Leopold lays out agenda

Executive to target environmental abuses and panhanding, push for schools funding

General Assembly

January 21, 2007|By Phillip McGowan | Phillip McGowan,sun reporter

In a bold legislative agenda that encompasses local and statewide initiatives, County Executive John R. Leopold is seeking to expand the powers of jurisdictions to punish critical area violators, ban panhandling along Anne Arundel roads and boost the county's share of state school construction money.

During a meeting with the county's legislative delegation Friday in Annapolis, Leopold, a Republican, asked the 20 lawmakers to expand the statute of limitations on critical area violations from one to three years.

After his testimony, he told reporters that he might hire more permit inspectors to further crack down on land-use abuses along Anne Arundel's 530 miles of shoreline. His comment came at a time when the county is fighting to tear down two waterfront homes built without permits.

"The environment is on top of everybody's list right now," said Del. Mary Ann Love, a Glen Burnie Democrat who chairs the county's House delegation. "It is very, very crucial that we can save what we can."

Of the county's 75 land-use inspectors, six are assigned to environmental enforcement, said Betty Dixon, the county's director of inspections and permits. "More inspectors are always a welcome answer to the problems we face," she said.

The county executive also asked for state legislators to pass a law that would empower the county to reduce some impact fees levied on new homes, now ranging from $2,400 to $4,800, to promote affordable housing for teachers, police officers and firefighters.

Among other priorities Leopold set out Friday: reforming the selection process of the county's school board to allow for greater public participation; building on the $19.1 million in school construction funds that the county has already netted for the coming fiscal year; banning smoking at bars and restaurants; and making permanent a state program to help residents purify well water that is contaminated with radium.

Leopold came out strongly in support of a county panhandling ban, saying a recent law that prohibits minors from soliciting along roads leaves "99.5 percent of the problem of adults."

"I tell you that people of the county want us to deal with this," Leopold said.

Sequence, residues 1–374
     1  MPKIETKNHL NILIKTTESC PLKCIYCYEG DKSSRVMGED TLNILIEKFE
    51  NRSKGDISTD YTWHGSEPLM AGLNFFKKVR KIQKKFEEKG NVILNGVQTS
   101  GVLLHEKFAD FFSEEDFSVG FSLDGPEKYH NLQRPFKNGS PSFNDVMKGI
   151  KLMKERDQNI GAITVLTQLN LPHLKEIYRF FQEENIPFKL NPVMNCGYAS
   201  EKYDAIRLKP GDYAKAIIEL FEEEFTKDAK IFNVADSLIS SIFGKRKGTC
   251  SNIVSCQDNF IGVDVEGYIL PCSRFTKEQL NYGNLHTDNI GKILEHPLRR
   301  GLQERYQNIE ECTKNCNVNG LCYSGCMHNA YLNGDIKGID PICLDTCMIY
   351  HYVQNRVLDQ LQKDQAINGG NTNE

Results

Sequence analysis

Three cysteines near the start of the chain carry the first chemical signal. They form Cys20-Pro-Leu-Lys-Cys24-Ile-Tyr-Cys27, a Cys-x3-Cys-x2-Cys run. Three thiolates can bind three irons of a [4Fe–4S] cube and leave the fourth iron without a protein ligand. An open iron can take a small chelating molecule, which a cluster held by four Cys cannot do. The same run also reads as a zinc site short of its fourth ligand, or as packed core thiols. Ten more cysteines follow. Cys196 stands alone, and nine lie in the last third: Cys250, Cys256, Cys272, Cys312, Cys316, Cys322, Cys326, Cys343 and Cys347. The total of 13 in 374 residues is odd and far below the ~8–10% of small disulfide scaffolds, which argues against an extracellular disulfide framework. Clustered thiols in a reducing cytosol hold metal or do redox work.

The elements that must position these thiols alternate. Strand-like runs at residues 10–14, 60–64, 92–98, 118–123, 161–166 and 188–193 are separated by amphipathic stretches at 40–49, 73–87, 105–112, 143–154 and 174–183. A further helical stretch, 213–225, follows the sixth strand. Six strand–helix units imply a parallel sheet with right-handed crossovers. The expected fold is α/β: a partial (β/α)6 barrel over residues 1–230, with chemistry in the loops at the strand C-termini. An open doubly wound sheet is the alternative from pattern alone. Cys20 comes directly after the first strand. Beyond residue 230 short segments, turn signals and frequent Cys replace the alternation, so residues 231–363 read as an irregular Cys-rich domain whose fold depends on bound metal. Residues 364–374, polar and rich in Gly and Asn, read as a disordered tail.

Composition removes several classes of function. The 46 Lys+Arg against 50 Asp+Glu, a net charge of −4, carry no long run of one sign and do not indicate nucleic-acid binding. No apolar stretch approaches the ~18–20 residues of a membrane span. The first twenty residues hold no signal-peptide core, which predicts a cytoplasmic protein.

Leopold addressed the lawmakers amid little fanfare - and no free food. His predecessor, Janet S. Owens, had held an annual breakfast to announce her legislative agenda. But Leopold, frugal since taking office last month, decided against spending thousands on such an event. He laid out his agenda in less than 20 minutes.

Nearly all of what Leopold had to say came as little surprise to the legislators. The former five-term state delegate has met quietly with groups of lawmakers over the past few weeks to lay out his agenda.

"You can't think of getting anything done unless you have collaboration and communication," Leopold said.

State aid will be crucial as the county faces declining real-estate tax revenues alongside growing budget demands to pay for growing retiree health care costs and for 10 union contracts that come up for negotiation this year. Also, an expansion at Fort Meade bringing 20,000 jobs will force the county to spend many millions to upgrade roads and build schools at a time when the county faces a large backlog of infrastructure projects.

At the same time, the military-related growth is spawning billions of dollars in development - along with tax revenue and fees to address those issues.

"This is an exciting time," Leopold said. "It is also a very critical time."

In that vein, Leopold reaffirmed his support for a constitutional "firewall" to protect the state's transportation trust fund and ensure that those dollars are allocated for road projects, such as the overhauls of Route 175 in Odenton and Route 3 in Crofton.

Leopold noted that the administration of former Gov. Robert L. Ehrlich Jr. transferred $538 million from that fund to balance the state budget. He said it was imperative to return money borrowed from the transportation fund as well as from the Waterway Improvement Fund and Program Open Space.

He commended Gov. Martin O'Malley for agreeing to fully fund the open-space initiatives this year, but he noted that about $800 million has been pulled from that dedicated fund over the past 35 years.

Leopold said O'Malley's budget funds five of 19 dredging projects in the county and that he will ask the governor for between $2 million and $3 million more.

Last year, the General Assembly directed $373 million in operating and capital funds to Anne Arundel County, a nearly $50 million increase over 2005. Much of the extra money was directed to open-space programs, school construction and road improvements.

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